From Green Right Now Reports
Albert M. Greenfield School has added a a 5.33 kilowatt solar energy system, making it the first solar panel system installed on a public school roof in Philadelphia.
Greenfield’s system, from Mercury Solar Systems, Inc., consists of 26 solar panels and is expected to produce 6,400 kilowatt hours every year. The environmental benefits are equivalent to recycling 103,998 cans of soda, planting 350 trees and not burning 516 gallons of gasoline.
The solar project is part of a large initiative driven by the parents, teachers, administrators of the Greenfield School and the Philadelphia School District called “Greening Greenfield.” The pilot project is focused on developing a green physical environment at the school to teach the students about the Earth, to provide a green oasis for the community, and to serve as an exemplary public structure. The other completed phases include installation of a weather station on the roof plus school yard improvements which incorporate a storm water management system with two indigenous woodland forest rain gardens, porous pavement, permeable recycled play surface, an agriculture zone garden, and solar shading from 40 new trees.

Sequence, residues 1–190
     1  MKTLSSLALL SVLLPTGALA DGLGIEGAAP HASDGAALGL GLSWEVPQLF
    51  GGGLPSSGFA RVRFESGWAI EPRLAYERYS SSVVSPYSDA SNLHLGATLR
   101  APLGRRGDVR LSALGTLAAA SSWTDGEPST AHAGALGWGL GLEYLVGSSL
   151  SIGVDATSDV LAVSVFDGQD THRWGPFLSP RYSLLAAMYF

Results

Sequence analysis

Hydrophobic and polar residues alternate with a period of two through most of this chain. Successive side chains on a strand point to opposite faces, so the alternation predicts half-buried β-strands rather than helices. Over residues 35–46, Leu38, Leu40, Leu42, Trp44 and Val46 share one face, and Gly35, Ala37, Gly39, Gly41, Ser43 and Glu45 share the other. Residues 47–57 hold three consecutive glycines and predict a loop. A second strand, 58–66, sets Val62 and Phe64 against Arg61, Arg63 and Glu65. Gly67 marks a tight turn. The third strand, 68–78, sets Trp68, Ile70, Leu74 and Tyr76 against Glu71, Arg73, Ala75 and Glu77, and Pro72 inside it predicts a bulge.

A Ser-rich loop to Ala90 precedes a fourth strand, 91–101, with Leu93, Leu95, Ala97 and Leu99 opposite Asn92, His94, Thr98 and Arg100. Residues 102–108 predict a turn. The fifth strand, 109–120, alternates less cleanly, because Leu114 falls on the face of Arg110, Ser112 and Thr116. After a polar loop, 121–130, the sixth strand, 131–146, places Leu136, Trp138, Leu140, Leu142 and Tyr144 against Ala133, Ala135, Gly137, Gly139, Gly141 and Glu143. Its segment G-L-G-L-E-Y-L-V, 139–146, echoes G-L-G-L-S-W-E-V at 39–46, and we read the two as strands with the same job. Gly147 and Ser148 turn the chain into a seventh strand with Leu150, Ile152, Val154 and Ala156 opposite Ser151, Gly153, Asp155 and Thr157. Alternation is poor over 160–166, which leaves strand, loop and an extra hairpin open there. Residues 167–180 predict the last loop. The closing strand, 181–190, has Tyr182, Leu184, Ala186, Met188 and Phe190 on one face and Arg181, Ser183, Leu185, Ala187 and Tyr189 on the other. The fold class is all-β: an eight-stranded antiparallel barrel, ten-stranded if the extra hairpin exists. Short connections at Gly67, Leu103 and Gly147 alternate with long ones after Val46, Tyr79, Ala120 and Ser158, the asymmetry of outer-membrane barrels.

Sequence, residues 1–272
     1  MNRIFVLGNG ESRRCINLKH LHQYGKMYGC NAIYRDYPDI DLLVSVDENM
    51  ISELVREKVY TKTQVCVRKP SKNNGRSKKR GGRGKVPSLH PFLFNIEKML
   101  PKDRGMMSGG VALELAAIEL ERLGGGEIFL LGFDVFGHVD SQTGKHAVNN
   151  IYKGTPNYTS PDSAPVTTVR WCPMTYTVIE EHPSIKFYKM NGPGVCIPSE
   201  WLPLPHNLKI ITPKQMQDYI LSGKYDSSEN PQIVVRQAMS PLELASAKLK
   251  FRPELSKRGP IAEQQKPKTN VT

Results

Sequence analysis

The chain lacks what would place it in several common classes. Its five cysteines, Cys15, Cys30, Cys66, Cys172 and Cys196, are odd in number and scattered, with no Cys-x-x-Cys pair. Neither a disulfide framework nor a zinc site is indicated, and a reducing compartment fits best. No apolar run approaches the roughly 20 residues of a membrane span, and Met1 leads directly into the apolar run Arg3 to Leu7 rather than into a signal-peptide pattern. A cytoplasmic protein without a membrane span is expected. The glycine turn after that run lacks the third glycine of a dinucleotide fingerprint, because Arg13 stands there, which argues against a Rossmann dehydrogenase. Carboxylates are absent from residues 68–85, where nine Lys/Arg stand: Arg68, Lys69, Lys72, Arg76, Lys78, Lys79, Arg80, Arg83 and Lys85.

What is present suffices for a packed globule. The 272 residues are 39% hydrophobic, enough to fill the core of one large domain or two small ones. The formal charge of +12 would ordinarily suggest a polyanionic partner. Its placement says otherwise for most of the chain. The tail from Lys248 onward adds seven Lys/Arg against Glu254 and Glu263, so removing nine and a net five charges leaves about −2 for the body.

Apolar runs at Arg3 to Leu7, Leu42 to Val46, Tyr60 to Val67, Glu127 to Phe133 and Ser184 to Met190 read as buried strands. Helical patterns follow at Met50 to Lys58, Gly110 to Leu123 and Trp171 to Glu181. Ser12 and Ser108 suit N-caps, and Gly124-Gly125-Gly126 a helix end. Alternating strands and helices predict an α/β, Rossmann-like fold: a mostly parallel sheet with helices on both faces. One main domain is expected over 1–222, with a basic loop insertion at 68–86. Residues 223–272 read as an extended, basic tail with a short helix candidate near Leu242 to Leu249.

“Our ‘Greening Greenfield’ initiative could never have gotten off the ground without the support of our numerous donors including Mercury Solar Systems. We are excited to roll out Phase III of this five stage project in our quest to transform the exterior of Greenfield School,” Pat Toy, co-chair of the school’s project committee, said in a statement.